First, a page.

In June 2019, millions of people — according to organizers’ figures — went out to the streets and protested against a deeply unpopular bill that would have allowed extraditions of Hongkongers to mainland China. They feared that political activists and government dissidents would be put on trial on the main territory, where it is often criticized that the judicial branch is subject to the Chinese Communist Party.
The bill was officially withdrawn in October, but the movement remains, along with the “five demands, not one less” chant. Besides pushing for the full withdrawal of the extradition bill, demonstrators enlisted a series of demands: Dropping the charges against arrested protesters, retracting the term “riot” as a label to the protests, an independent investigation into abuses of power and alleged police brutality, and implementation of universal suffrage in Hong Kong.
Miriam Hernández, a Mexican from Monterrey that lived in Hong Kong from 2012 to 2018, and who is now a professor at California State University Dominguez Hills, explained that China has gradually tried to take control of the territory with specific actions, like the placing of pro-Beijing politicians, but with the extradition bill, such action was done “strikingly.”
Disinformation and censorship
There was an example of disinformation amongst protesters, said Fiona: After a taxi driver ran over a group of demonstrators in October, an image that showed an X-ray of a woman’s broken legs circulated. However, the Facebook page @kauyim, which does fact-checking, reported that the photograph had been published in April.
According to Lui, from HKBU, while monitoring Chinese media regularly, it can be noticed that they only report violence generated by anti-government protesters. “They don’t report what’s behind the problem, what’s the root cause of the bill, the peaceful demonstration, the brutality of the police.”
A DDoS attack — Distributed Denial of Service — occurred on LIHKG in late August. In spite of difficulty in fully proving where it came from, Lui mentioned that when similar attacks have surfaced in the past, an Internet analysis sustained they are, sometimes, from a national level, something an ordinary hacker could not achieve.
“[In China] it is a very usual practice for them to use fake news, and then bad-mouth to defame someone to serve the purpose of the government. It is not the mean they use, it is the objective,” said Lui, who was a China correspondent with 14 years of experience.
The flow of information in the main territory is very different from the West’s. Social media networks like Facebook, Twitter and Instagram, even international media outlets, are blocked. They possess their own versions of social media, like Weibo — similar to Twitter or Facebook — and WeChat — similar to Whatsapp.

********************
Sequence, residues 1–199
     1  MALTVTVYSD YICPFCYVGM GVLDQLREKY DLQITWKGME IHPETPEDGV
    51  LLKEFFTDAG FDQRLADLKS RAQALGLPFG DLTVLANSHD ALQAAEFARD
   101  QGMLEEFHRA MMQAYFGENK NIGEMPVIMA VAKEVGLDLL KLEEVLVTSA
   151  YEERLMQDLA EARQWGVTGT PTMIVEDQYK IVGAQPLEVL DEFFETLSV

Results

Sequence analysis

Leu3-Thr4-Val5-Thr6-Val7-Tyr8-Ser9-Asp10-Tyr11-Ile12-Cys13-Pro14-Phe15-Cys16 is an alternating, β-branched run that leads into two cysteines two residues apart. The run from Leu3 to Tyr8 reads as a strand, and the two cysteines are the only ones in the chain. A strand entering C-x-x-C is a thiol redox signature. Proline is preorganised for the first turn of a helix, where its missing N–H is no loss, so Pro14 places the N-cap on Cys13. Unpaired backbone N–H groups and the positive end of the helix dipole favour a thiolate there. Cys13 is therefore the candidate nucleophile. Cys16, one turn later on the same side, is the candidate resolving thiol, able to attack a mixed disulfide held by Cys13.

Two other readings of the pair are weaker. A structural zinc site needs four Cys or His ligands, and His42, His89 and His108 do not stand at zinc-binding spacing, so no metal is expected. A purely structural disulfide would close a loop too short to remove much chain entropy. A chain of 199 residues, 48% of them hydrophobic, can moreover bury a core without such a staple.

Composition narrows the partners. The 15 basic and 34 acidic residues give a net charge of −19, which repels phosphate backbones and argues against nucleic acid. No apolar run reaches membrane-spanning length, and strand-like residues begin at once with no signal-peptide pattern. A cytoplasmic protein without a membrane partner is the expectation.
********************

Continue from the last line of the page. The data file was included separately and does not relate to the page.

However, these networks are controlled by a vigilance system, informed Lui, in which arrests can follow after publishing information that compromises the Chinese territory or goes against the Communist Party, like for those who published posts supporting the Umbrella Movement in 2014.
In another interview, a woman identified as Ms. Wong, a Hongkonger currently living in the United States and who said was a researcher and college lecturer on Hong Kong Studies, recalled writing a congratulatory post in 2010 to Nobel Peace Prize laureate Liu Xiaobo, a writer and human rights activist — now deceased — that was imprisoned in China.
In Hong Kong, there are no indications that the protests will come to a halt. To this day, demonstrators keep fighting for the five demands, while Telegram forums share on a daily basis designs and graphics encouraging future protests.
D.H., a Hongkonger studying abroad in Monterrey, Mexico, still fears arrest upon his return for participating in the June protests. He also requested to conceal his name for security reasons. Being more than 13,000 kilometers away from home, separated by the Pacific Ocean, he describes feeling “useless” for not being able to sufficiently support the movement.
“We cannot lose this war, the war which is happening now. Because once we lose it, we will lose everything. We will be the next Tibet. We will be the next Xinjiang.”
*Most of the people interviewed for this story asked to only use their first names or a combination of initials to protect their privacy and safety.
Ian Cavazos (@IanCavazos) is a 21-year-old freelance journalist in Monterrey, Mexico. He is passionate about investigative and international journalism. Ian has lived in three countries and loves to hear stories from all over the world.
Do you have a story to tell him or a proposal? Reach him at [email protected]